BRUSSELS (Reuters) - Envoys of European Union governments held further discussions on Wednesday on widening a ban on Russian state-owned firms raising capital in the bloc among a range of other sanctions, diplomats and officials said.
Following a decision by EU leaders at a weekend summit to prepare heavier penalties unless Moscow pulls forces from Ukraine, the European Commission, the EU executive, said it had completed proposals for what measures should be taken.
Ambassadors from the 28 member states discussed those on Wednesday and would review detailed, written versions of the legal proposals on Thursday, diplomats said. The EU leaders set a deadline of the end of the week to agree on a new set of sanctions, which could be implemented when leaders see fit.
There has been disagreement among EU states about whether and how far to increase sanctions, and so a final accord among the governments may not include all the Commission proposals. It could also include some measures not proposed by the executive.
The sanctions proposed by the Commission were in line with those outlined by diplomats earlier in the week, including adding all remaining state-owned Russian firms to the state-owned banks already barred from the EU capital markets.
That could affect, notably, the Russian energy giants Gazprom and Rosneft.
Other measures include: banning syndicated EU loans to Russian government-owned banks and institutions; shortening to 30 days from 90 the minimum maturity of Russian state-owned banks’ debt instruments that cannot be sold in the EU; and banning Russian derivative instruments being sold in the bloc.
Outside the financial sector, the proposals include an expansion of a export ban on goods that can have both military and civilian use to all potential Russian importers, not just companies in the defense sector.
And a ban on selling advanced technologies in the energy sector to Russia could be extended to include servicing agreements.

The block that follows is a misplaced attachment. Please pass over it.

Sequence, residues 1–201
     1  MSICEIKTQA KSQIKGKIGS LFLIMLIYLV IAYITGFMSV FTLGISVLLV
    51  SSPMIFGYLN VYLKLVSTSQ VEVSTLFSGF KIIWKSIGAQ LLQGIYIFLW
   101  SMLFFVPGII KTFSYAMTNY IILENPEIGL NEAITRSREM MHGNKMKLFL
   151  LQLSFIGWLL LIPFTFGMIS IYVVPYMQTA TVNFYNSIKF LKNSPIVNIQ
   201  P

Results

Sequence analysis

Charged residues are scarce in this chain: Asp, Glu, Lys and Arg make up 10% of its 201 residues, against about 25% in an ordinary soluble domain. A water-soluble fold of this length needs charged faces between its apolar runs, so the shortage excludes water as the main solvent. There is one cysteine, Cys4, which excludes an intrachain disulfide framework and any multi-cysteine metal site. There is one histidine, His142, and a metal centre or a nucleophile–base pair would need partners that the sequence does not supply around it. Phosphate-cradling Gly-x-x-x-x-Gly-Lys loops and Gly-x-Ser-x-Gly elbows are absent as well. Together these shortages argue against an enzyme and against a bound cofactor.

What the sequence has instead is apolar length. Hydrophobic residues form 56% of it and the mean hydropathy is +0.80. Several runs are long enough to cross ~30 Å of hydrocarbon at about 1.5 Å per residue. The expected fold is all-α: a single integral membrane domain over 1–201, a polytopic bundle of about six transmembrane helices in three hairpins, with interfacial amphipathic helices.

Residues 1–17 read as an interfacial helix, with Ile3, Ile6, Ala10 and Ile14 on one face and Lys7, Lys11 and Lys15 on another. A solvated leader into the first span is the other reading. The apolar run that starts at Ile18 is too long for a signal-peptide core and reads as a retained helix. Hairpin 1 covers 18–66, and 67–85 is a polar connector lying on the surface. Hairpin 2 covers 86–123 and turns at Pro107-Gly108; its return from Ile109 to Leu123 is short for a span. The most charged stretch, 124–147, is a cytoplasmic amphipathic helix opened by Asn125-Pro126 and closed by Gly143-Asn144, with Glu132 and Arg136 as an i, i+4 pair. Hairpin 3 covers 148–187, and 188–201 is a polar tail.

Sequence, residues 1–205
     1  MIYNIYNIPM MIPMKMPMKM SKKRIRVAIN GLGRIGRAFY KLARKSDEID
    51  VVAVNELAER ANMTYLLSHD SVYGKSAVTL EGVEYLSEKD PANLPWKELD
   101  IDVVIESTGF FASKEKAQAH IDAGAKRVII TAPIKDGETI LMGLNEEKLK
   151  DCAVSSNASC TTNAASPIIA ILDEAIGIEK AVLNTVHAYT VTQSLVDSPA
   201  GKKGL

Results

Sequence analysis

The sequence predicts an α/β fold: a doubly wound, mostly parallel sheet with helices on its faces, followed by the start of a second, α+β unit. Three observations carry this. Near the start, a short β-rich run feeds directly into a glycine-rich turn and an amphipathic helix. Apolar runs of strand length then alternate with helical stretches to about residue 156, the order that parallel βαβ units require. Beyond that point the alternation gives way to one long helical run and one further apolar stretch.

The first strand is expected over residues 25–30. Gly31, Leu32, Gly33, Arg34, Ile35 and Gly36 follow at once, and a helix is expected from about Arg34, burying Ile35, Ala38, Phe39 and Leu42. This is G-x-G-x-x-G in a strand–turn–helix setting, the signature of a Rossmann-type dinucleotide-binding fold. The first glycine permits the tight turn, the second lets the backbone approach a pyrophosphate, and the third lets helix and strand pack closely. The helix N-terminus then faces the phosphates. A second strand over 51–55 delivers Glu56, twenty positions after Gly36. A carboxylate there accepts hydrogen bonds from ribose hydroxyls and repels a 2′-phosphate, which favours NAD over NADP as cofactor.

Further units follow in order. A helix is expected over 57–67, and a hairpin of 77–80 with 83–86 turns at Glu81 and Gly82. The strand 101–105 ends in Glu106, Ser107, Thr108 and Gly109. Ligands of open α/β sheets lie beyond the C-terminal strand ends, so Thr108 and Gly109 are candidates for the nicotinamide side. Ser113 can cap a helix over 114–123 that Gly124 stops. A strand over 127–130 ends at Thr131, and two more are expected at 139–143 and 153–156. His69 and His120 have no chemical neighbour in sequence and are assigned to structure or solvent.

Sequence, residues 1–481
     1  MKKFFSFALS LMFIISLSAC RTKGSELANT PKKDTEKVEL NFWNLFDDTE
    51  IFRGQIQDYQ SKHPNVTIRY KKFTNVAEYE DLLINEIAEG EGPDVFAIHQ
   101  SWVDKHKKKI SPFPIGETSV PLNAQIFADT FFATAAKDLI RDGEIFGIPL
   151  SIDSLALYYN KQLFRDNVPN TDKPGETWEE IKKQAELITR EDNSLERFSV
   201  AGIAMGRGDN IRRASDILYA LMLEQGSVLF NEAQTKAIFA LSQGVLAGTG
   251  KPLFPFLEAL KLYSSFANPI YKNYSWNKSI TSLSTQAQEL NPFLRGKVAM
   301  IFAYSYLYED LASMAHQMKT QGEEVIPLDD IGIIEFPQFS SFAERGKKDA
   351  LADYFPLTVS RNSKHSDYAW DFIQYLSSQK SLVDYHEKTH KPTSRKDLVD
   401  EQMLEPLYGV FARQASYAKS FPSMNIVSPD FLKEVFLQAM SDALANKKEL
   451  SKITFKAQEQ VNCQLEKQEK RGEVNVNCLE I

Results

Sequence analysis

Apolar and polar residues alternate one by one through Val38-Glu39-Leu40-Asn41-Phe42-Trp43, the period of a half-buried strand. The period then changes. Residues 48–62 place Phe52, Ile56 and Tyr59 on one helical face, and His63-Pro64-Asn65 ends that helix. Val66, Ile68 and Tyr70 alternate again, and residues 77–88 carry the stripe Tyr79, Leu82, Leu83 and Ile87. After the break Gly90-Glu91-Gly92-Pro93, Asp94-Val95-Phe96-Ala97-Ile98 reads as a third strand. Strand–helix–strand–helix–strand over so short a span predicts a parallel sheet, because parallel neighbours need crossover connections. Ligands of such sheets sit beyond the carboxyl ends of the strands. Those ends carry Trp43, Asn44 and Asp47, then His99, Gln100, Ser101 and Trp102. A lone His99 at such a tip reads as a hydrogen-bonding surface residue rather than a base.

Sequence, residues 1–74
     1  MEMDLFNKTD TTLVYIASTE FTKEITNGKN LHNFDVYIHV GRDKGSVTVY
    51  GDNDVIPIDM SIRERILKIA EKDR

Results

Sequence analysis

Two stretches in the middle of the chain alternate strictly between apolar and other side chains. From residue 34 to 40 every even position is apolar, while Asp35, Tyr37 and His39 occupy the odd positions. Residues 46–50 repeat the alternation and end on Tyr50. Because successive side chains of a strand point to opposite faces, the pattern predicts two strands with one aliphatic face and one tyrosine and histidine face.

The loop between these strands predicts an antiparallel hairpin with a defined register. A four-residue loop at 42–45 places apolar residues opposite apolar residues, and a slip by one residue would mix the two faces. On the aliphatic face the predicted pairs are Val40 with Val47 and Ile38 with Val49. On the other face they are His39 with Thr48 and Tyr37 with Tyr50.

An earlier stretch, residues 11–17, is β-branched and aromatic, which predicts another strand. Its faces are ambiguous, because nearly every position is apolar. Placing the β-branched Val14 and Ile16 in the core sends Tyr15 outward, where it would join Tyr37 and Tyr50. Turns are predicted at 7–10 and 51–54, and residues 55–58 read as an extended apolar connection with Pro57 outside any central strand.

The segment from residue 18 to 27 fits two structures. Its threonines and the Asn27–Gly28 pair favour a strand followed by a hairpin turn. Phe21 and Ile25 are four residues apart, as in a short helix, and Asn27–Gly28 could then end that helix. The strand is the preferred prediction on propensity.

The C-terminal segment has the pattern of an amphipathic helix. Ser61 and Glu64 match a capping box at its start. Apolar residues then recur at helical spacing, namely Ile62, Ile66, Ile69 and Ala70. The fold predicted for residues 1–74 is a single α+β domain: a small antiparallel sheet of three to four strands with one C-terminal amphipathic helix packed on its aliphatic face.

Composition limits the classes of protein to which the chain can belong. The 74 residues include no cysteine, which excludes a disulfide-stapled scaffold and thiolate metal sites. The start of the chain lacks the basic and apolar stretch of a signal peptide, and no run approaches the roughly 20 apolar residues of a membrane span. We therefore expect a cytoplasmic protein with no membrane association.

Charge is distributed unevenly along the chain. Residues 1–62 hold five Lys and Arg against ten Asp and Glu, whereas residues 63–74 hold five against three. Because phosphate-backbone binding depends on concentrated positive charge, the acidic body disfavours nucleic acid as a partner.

Aside from those penalties prepared by the Commission, some member states have suggested barring Russian Defence Minister Sergei Shoigu from entering the EU, diplomats said.
And Russia might be subjected to an EU cultural and sports boycott - something that might, were it to continue long-term, threaten even its hosting of the 2018 World Cup soccer finals.
The new EU sanctions package against Russia could be coordinated with the three other members of the Group of Seven - the United States, Canada and Japan.
The United States is considering limiting hi-tech exports to Russia’s Arctic oil and gas industry as part of plans to strengthen sanctions against Moscow over the crisis in Ukraine, the U.S. ambassador to the European Union said on Wednesday.
Russia’s retaliatory ban on imports of food from the Europe Union could cost the European Union 5 billion euros ($6.6 billion) a year, according to an internal EU document seen by Reuters on Wednesday.
In a mark of deepening resolve to accept pain for their own faltering economies in order to pressure Moscow to pull back in Ukraine, France said on Wednesday it would not deliver a helicopter-carrying warship to Russia as planned in October.
Paris had hitherto resisted calls from EU allies to halt the handover, in line with an EU embargo on future arms sales.
Writing by Alastair Macdonald; Editing by Andrew Heavens